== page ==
Orlando City 1 DC United 1
Stefano Pinho’s last-gasp equaliser for Orlando cancelled out Yamil Asad’s direct free-kick, as DC United threw away a win after failing to take control of a match where they spent 50 minutes playing against 10 men.
After an even start, Orlando dominated before a VAR-prompted penalty was given to United, a Darren Mattocks cross striking Will Johnson’s hand.
New signing Mattocks stepped up to take the kick but it was saved, whizzing from Joe Bendik’s glove to bar to post and finally cleared away for a corner.
Orlando soon asserted themselves again, but their policy of going in hard on DC new-boy Asad twice proved to be their undoing.
A free-kick for a foul on the Argentine, taken by the man himself, swung through a mass of bodies from a crossing position on the left and into the net on the half-hour.
Shortly after, Victor Giro swung an arm going up for a header with Asad and initially received a yellow card, but after a short VAR consultation the referee produced a red.
In truth, United’s passive defending made them look like the side with ten men. Orlando created chance after chance throughout the second half and for a long time it looked like DC would get away with ceding the game.
But in injury time, with just two minutes to go, substitute Pinho got on the end of a pull-back by new club captain Jonathan Spector.
Orlando’s dominance was such that the second-half final-third pass count was 89 to 29.
This Wednesday was the Opta Pro Forum, the gathering of the great, the good, and the darn right mediocre (presenters, proper football men and women, and ‘public analysts’ respectively).
While there, someone (I think it was , who you should go and follow) mentioned that I didn’t write on this blog much any more. A couple of days before(?) the Forum, someone else (I’ve forgotten who) tweeted that part of what public analytics had lost was the half-finished experimentation that people just *~*~put out there~*~*, which people could then discuss and evolve (or, if it was good, blatantly copy).
So, here’s something that I’d been meaning to do for a while, and something which I now realise is similar to a (rejected) submission for the Opta Pro Forum I made last year, tying this whole thing up quite nicely.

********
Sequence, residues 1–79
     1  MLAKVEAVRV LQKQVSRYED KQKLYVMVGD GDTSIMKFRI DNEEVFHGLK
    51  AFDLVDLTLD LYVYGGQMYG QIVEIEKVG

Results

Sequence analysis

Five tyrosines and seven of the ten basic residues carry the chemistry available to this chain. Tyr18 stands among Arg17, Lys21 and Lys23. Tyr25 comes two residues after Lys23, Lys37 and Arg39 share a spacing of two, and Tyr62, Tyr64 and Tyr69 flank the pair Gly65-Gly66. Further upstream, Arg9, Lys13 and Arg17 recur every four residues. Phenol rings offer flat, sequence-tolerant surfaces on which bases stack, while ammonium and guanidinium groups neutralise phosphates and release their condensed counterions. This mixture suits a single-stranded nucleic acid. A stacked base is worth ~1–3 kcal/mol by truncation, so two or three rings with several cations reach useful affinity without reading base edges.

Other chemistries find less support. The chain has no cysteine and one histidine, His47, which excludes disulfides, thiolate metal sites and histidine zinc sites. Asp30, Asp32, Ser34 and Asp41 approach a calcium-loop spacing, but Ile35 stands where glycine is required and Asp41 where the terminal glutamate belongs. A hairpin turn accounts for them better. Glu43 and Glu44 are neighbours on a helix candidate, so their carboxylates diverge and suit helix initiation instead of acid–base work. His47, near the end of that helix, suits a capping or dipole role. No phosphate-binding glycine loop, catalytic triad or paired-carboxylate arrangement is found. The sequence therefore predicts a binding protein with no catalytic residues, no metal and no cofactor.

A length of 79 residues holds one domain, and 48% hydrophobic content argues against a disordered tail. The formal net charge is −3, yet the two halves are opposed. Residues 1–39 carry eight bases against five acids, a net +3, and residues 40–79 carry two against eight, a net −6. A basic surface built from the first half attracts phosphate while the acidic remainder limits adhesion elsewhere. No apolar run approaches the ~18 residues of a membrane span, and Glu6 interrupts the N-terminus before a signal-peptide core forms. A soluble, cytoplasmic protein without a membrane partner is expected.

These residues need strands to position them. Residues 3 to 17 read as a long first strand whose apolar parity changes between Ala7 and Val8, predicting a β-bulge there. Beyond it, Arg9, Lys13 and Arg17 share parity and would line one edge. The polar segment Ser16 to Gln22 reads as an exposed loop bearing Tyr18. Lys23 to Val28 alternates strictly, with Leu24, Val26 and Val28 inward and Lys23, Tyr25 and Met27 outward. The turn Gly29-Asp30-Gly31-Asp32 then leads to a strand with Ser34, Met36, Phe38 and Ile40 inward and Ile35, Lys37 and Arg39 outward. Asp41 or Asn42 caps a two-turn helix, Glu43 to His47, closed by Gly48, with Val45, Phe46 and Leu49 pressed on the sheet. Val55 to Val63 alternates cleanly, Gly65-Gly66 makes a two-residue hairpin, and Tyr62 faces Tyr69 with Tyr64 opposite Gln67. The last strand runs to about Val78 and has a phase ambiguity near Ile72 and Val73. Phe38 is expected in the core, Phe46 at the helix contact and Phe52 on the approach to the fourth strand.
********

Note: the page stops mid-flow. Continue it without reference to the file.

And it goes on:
I had a theory. Continue reading
“Stop. Calling. Over. Or. Under. Performance. Of. Expected. Goals. ‘Finishing. Skill’.”
Is what I would have liked to have tweeted had I not decided that that would have been annoying to almost everyone who follows me.
The point, though, is a good and meaningful one, even if I do say so myself.
The narrative around stats and finishing skill appears to have gone something like this:
- Finishing skill does not exist
- The people who said ‘finishing skill does not exist’ are dummies. Finishing skill does exist, obvs, we just can’t detect it
- Not only does finishing skill exist, but we can detect it, but it doesn’t do very much
And 4., more recently, is a good article from Bobby Gardiner which says
- Not only does finishing skill exist, but we can detect it, and it does more than we think, but it’s still less important than actually getting in good positions in the first place.
This is all good, fine, and fascinating to people interested in stats.
It’s also consistently incorrect in the most important way, which is that what is commonly known as ‘finishing’ to, like, normal people, isn’t what stats people mean when they talk about finishing.
Which is a problem. Continue reading
Squawka is dead. Long live Squawka.
On the morning of 3 November, the news of Squawka’s demise filtered out on Twitter, slowly.
Everyone was sad that people had lost their jobs; former employees mourned what sounded like a good working environment; journalists who had been, temporarily, within the site’s orbit mumbled about plagiarism or poor pay; more niche members of stats twitter mourned ‘what could have been’. Continue reading
The power flexes from knees to pitch; a doorframe filler of a man stretches beneath the murky sky, elbows, like wings, extending outwards.
An inch of flesh, two centimetres above Andy Carroll’s elbow, glances a defender’s head, and the player, toes still touching grass, folds into a collapse.
The whistle blows, because football is soft nowadays, or so it’s often said. With the traditional values of British football – being big and strong and heading the ball – hagiographically mourned as a dying art in the Premier League, one would imagine that they are better exhibited in the not-quite-so-modern Championship. Continue reading
Prompted by a tweet from @RandyHauser, I decided to have a look at some keeper stats and whether keepers had a weak side.
Below is a plot for Premier League, Bundesliga, and La Liga keepers for 2012/13 to 2016/17 who’ve faced more than 50 shots on target in a season, along with the difference between their save percentages for SoTs to the left side and right side of the goal*. Continue reading